Not only that but American cars are not even competitive with Koreans any more. I take a Genesis G80 or G90, any time over that overpriced Fusion you call Lincoln Continental.

        Like I said, Chrysler-Fiat was right in killing cars. America needs to focus on SUVs and Trucks where we have the edge because that is what we drive (I am excluding sports cars and pony cars from this discussion).

        • 0 avatar
          sportyaccordy

          The Fiesta is the top selling car in the UK, and the Focus is the 3rd top selling car there. Luxury wise, the MKZ’s YTD sales in the US beat every luxury midsizer that isn’t a Lexus ES, E-Class or 5 Series (i.e. the benchmarks)-
          and the new Continental beats out a lot of midsize stalwarts as well. Lexus just cancelled the GS.

          Domestics uninterested and unable to make competitive cars? Thanks for boldly announcing that you have zero idea what the hell you’re talking about. What a joke!

          • 0 avatar
            pmirp1

            Who cares if Fiesta and Focus sell well in UK. In America Ford decided not to sell Fiestas moving forward. The Focus production is moved to Mexico. The MKZ is built in Mexico. Ford doesn’t care about cars in America. Their bread is buttered by F150 and SUVs. That is true for all American car companies.

            Domestics can’t produce good quality cars in America. This act and tough talk is pointless. Toyota and Honda, with supporting cast of Koreans and Subaru and Nissan are the only car companies that can make dependable and quality cars in America.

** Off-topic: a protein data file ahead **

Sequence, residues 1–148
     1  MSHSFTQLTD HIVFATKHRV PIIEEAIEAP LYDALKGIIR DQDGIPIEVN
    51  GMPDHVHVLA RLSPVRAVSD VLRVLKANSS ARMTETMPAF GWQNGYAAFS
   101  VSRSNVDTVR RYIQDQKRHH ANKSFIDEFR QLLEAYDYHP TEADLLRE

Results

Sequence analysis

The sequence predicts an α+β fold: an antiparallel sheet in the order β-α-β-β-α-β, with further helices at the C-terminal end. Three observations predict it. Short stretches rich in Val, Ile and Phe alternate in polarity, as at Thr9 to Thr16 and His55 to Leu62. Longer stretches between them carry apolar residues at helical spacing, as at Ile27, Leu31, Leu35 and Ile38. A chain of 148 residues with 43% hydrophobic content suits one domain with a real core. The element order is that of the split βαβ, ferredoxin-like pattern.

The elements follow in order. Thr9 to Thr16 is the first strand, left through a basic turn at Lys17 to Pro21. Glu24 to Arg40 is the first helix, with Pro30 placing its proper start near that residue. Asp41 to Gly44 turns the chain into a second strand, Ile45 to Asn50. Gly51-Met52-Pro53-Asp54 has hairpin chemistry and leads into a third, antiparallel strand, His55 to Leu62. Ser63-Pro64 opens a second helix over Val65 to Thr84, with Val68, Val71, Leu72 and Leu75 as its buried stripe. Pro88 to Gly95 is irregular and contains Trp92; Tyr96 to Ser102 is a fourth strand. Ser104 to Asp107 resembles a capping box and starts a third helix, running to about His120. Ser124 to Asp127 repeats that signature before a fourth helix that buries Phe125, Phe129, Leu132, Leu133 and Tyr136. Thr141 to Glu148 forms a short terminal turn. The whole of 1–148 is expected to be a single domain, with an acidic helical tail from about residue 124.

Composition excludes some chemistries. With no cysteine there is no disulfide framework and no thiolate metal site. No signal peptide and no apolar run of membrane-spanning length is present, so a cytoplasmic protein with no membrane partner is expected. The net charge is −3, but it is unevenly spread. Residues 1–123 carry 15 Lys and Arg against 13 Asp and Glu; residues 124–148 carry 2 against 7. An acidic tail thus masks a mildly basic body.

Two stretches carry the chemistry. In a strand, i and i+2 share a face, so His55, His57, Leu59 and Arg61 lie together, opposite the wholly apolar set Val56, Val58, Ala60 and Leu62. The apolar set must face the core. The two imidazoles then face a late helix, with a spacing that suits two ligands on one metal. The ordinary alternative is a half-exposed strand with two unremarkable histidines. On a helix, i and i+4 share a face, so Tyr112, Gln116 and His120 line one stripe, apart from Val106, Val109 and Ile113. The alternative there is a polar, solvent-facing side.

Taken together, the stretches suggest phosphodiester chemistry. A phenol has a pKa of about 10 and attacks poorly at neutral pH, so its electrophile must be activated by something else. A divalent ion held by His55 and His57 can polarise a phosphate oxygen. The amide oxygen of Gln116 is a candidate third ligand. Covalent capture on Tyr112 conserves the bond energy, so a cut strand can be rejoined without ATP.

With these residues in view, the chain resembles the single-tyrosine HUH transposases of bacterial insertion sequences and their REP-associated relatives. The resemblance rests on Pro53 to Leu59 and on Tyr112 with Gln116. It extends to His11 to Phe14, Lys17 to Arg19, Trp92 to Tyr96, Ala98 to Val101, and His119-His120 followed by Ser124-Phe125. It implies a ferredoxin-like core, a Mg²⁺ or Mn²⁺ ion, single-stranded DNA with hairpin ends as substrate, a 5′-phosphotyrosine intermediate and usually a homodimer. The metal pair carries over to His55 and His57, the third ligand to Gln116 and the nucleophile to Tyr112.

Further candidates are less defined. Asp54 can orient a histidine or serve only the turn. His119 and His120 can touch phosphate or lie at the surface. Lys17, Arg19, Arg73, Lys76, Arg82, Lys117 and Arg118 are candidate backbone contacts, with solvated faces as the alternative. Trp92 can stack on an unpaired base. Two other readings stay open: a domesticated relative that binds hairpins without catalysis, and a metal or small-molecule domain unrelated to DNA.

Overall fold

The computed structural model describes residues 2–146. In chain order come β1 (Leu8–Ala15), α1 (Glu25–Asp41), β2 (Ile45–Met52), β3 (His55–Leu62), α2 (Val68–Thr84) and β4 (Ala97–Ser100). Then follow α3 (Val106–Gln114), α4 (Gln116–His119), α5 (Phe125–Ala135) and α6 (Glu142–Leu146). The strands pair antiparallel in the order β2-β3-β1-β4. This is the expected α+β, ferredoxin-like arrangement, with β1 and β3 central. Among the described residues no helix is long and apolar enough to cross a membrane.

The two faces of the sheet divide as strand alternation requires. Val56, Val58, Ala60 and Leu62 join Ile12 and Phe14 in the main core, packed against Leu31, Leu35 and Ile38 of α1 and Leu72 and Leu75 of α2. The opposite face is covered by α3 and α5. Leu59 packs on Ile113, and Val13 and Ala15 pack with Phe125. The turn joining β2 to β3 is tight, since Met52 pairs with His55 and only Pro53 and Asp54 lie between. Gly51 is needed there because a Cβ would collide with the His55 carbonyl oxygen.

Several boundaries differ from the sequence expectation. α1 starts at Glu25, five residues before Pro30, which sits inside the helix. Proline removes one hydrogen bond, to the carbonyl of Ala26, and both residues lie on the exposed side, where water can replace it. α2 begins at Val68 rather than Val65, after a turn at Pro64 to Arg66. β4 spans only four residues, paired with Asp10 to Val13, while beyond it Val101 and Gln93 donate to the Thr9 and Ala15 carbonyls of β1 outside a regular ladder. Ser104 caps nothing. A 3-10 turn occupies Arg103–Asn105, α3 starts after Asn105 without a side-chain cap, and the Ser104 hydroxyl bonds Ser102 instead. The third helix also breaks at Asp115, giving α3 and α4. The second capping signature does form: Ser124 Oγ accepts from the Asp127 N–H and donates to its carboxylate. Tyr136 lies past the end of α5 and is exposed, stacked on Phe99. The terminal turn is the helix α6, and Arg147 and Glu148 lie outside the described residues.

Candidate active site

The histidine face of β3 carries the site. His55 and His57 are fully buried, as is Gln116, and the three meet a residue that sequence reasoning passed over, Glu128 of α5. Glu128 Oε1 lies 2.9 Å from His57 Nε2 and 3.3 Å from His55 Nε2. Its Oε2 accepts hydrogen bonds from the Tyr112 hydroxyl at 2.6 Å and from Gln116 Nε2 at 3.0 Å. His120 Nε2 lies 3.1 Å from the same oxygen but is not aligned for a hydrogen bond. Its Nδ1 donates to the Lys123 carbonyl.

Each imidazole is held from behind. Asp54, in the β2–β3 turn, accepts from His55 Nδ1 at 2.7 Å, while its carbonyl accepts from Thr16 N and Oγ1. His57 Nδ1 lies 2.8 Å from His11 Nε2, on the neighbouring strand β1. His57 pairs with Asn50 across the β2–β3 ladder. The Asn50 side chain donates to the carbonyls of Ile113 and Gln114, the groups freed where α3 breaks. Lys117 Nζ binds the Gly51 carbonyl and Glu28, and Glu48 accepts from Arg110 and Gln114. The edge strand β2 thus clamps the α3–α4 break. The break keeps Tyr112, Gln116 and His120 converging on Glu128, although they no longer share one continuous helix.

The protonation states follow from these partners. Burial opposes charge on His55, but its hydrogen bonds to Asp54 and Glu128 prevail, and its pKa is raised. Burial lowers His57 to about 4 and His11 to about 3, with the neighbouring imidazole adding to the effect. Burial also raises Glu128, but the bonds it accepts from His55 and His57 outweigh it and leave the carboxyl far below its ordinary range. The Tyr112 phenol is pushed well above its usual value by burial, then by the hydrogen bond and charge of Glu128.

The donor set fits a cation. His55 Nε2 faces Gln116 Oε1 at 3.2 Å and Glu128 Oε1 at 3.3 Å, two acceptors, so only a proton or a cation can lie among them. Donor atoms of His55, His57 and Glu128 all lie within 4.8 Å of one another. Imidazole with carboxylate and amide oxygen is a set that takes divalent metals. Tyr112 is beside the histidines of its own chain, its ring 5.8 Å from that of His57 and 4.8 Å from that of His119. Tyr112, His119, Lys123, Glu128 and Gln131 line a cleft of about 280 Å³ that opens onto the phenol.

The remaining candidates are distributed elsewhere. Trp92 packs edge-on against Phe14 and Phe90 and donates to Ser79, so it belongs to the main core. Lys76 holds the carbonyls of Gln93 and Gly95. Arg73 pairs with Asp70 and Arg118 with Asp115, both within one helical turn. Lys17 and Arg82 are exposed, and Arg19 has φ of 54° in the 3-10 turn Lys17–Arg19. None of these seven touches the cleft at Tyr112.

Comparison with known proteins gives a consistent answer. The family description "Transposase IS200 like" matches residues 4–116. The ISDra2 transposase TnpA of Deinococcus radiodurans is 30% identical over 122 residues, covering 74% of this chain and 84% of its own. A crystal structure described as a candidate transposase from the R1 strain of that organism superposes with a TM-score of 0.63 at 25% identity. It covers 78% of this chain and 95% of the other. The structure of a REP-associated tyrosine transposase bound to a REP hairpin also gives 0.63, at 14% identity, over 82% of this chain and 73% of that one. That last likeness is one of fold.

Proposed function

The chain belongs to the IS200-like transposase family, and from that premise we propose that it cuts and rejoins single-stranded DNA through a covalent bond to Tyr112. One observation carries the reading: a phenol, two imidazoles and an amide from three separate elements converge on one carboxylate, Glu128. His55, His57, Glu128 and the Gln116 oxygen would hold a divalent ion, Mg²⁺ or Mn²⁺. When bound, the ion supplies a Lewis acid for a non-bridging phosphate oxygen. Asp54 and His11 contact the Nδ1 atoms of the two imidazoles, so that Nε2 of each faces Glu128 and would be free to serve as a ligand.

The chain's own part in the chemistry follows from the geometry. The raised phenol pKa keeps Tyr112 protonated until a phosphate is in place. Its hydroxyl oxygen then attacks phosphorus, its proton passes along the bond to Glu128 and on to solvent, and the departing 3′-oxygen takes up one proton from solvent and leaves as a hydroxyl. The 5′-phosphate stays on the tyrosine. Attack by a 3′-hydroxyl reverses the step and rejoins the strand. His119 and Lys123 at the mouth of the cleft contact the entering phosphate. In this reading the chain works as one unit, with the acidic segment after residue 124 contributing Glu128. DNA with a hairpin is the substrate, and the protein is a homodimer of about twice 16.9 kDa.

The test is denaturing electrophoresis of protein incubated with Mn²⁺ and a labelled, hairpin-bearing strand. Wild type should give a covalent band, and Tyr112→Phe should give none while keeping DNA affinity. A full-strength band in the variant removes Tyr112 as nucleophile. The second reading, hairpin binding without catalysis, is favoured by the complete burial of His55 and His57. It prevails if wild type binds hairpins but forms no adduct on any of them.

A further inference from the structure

• 0 avatar
            sportyaccordy

            You said American companies “have lost ability or desire to compete in the space of cars”… not true, as shown by Ford’s domination of the market in the UK and Ford + GM’s car lineups here. The cars are competitive and Ford/GM are committed. Chrysler has always been crap with some glimmers of excellence so using them as indicative of anything is bogus

  • avatar
    cwallace

    Hard to believe that the car industry has become so homogenized around SUVs that driving an Accord is the idiosyncratic choice, but here we are.

  • avatar
    ajla

    “I’ve been considering whether or not I wouldn’t be quite happy downsizing from my Accord to a little neon green Civic Si.”

    Or, defer the watch/guitar budget for six months and buy a Challenger T/A 392.

  • avatar
    Dave M.

    Jack –

    “Surely an Accord is more profitable than a Civic, and surely Honda would rather sell a Civic than an Accord.”

    Is that second part of the sentence correct? Or should Accord and Civic be switched?